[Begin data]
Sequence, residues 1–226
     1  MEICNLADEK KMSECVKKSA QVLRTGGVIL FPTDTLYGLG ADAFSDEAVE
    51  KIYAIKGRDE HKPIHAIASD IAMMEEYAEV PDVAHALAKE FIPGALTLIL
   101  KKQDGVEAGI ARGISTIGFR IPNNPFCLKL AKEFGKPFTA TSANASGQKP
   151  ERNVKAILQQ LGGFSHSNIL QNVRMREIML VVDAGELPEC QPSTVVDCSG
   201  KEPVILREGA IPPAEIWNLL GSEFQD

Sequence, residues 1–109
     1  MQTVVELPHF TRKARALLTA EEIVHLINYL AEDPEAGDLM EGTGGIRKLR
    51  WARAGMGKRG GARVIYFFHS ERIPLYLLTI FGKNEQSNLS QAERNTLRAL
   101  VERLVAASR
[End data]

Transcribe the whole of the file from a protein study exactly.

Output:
Sequence, residues 1–226
     1  MEICNLADEK KMSECVKKSA QVLRTGGVIL FPTDTLYGLG ADAFSDEAVE
    51  KIYAIKGRDE HKPIHAIASD IAMMEEYAEV PDVAHALAKE FIPGALTLIL
   101  KKQDGVEAGI ARGISTIGFR IPNNPFCLKL AKEFGKPFTA TSANASGQKP
   151  ERNVKAILQQ LGGFSHSNIL QNVRMREIML VVDAGELPEC QPSTVVDCSG
   201  KEPVILREGA IPPAEIWNLL GSEFQD

Sequence, residues 1–109
     1  MQTVVELPHF TRKARALLTA EEIVHLINYL AEDPEAGDLM EGTGGIRKLR
    51  WARAGMGKRG GARVIYFFHS ERIPLYLLTI FGKNEQSNLS QAERNTLRAL
   101  VERLVAASR